The TOMS instrument measures solar ultraviolet radiation backscattered from the Earth's surface, the atmosphere, aerosols, and clouds. The standard TOMS retrieval algorithm determines total ozone columns by comparing measured backscattered radiances with calculated radiances for an assumed ozone profile [McPeters et al., 1998]. Strong scattering in the troposphere impairs the sensitivity of TOMS to lower tropospheric ozone and increases the dependence of the reported ozone columns to the assumed tropospheric ozone profile [Klenk et al., 1982; Hudson et al., 1995; Wellemeyer et al., 1997; McPeters et al., 1998; Kim et al., 2001].
 A few notable features in the distribution of TTOCs have evaded explanation. Satellite observations of fires, for example, from the Along Track Scanning Radiometer (ATSR) World Fire Atlas [Arino and Rosaz, 1999], show considerable biomass burning over sub-Saharan northern Africa during DJF (Figure 1). None of the TOMS TTOC products, except those of Kim et al.  show a coincident seasonal enhancement over the region, in contrast with the seasonal enhancement seen over the southern tropical Atlantic during the austral biomass burning season from July to October. In fact, most TOMS TTOC products reach their seasonal maximum over northern Africa during the austral biomass burning season. Furthermore, the highest TTOCs during DJF are over the South Atlantic even though biomass burning in the Southern Hemisphere is then at its seasonal minimum, a result which Thompson et al.  called the “tropical Atlantic paradox.” Simulations of ozone with global tropospheric chemistry models [e.g., Hauglustaine et al., 1998; Wang et al., 1998b; Lawrence et al., 1999; Mickley et al., 1999; Galanter et al., 2000; Lelieveld and Dentener, 2000; Bey et al., 2001a] more closely track the seasonal variation in biomass burning including enhanced concentrations over northern Africa during DJF.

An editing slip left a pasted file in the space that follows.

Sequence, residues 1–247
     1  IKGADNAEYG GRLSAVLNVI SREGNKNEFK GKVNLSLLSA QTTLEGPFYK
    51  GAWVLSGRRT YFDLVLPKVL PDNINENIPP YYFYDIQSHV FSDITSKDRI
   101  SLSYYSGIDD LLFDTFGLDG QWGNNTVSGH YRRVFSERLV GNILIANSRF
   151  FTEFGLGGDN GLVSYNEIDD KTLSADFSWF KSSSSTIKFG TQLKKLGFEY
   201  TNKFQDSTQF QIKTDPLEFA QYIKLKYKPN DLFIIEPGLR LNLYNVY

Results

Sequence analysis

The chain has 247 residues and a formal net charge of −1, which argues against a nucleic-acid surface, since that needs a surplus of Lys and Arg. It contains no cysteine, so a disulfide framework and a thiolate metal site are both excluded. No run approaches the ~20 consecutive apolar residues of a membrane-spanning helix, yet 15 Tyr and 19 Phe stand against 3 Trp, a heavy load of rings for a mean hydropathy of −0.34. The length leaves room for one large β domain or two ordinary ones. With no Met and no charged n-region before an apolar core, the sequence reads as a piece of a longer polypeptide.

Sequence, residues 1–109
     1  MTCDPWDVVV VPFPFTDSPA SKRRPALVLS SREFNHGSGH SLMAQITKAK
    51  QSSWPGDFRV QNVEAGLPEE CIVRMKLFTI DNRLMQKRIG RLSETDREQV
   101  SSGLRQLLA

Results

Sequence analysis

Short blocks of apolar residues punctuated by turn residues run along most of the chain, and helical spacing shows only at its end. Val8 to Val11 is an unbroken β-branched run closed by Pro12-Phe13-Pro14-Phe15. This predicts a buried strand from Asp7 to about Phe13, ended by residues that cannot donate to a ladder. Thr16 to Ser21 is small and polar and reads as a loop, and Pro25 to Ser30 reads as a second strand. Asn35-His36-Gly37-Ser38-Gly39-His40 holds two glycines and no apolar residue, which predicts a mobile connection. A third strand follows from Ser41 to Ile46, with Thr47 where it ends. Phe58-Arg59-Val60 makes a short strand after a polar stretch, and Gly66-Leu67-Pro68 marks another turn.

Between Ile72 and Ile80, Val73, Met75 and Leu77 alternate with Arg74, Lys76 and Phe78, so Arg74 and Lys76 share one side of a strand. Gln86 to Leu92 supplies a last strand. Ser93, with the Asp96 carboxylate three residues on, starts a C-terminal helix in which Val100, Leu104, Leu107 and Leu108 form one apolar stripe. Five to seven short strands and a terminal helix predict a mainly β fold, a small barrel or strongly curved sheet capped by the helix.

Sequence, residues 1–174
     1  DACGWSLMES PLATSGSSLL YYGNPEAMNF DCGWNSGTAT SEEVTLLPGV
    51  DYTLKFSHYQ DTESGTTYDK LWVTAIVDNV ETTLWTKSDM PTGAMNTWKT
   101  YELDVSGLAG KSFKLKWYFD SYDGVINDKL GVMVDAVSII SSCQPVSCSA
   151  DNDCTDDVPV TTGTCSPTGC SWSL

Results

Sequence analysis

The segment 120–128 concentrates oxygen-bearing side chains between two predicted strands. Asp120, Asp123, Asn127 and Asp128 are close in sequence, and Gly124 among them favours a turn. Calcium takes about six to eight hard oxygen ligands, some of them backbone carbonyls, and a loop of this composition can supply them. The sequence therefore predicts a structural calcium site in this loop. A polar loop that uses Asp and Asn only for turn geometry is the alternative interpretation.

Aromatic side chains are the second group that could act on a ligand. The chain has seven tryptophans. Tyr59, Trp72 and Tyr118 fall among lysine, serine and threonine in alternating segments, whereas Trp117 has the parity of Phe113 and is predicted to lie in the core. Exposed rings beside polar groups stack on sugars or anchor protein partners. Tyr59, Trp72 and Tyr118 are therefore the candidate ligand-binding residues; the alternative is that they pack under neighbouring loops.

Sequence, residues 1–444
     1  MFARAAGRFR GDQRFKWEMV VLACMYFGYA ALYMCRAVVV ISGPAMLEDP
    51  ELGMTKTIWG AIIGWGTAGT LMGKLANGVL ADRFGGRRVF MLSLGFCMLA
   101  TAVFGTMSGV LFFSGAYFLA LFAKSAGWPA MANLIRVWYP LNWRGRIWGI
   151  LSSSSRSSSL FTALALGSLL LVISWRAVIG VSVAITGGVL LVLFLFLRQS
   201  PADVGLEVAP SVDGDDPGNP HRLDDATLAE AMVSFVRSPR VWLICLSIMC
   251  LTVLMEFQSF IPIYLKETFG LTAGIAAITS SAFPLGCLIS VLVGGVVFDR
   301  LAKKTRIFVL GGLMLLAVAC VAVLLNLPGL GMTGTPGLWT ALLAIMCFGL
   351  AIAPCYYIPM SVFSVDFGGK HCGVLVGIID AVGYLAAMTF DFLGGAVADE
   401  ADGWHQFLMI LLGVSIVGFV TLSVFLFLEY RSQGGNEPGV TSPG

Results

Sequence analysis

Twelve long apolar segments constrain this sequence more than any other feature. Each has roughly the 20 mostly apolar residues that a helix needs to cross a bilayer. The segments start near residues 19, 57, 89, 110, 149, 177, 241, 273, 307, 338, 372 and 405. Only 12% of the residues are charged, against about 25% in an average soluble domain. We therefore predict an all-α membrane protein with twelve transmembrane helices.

Our analysis is based on a synthesis and interpretation of TOMS and in situ measurements with the GEOS-CHEM global 3-D model of tropospheric chemistry. We focus on the period of September 1996 through August 1997 during which TTOCs are available from TOMS and are similar to the long-term mean (1979–1992; 1996–2000), biomass burning emissions can be constrained from ATSR firecounts and the TOMS Aerosol Index [Herman et al., 1997; Torres et al., 1998], and the large fires in Oceania associated with El Niño have not begun. Section 2 introduces the ozone data used in the analysis. Section 3 describes the GEOS-CHEM model and discusses its sensitivity to lightning NOx emissions. In section 4 the model simulation is compared with TTOCs from TOMS. Section 5 uses aircraft observations from the MOZAIC program to resolve the disagreements between the model and TOMS over northern Africa and south Asia. Section 6 presents a correction to the TOMS tropospheric retrieval efficiency to account for ozone variability in the lower troposphere. The Atlantic paradox and wave-1 pattern in tropical tropospheric ozone are examined in section 7.
2. Ozone Data
 We focus our analysis on two techniques that have been used to produce TTOCs for the entire Nimbus 7 and EP TOMS record (1979–1992; July 1996–present). The convective cloud differential (CCD) method uses highly reflective scenes (R > 0.9) over the highly convective tropical Pacific to determine stratospheric column as a function of latitude, and assumes that these columns are zonally invariant between 15°S and 15°N [Ziemke et al., 1998]. Tropospheric columns are calculated as the difference between total columns determined for low reflectivity scenes (R < 0.2) and the stratospheric column. We subtract 5 Dobson units (1 DU = 2.69 × 1020 molecules m−2) from the Earth Probe TOMS CCD tropospheric columns following Ziemke and Chandra  to account for a bias with CCD data from Nimbus 7 TOMS. The CCD method has been extended recently to a “cloud slicing” product where cloud top information is used to separate TTOCs into columns above and below 400 hPa [Ziemke et al., 2001].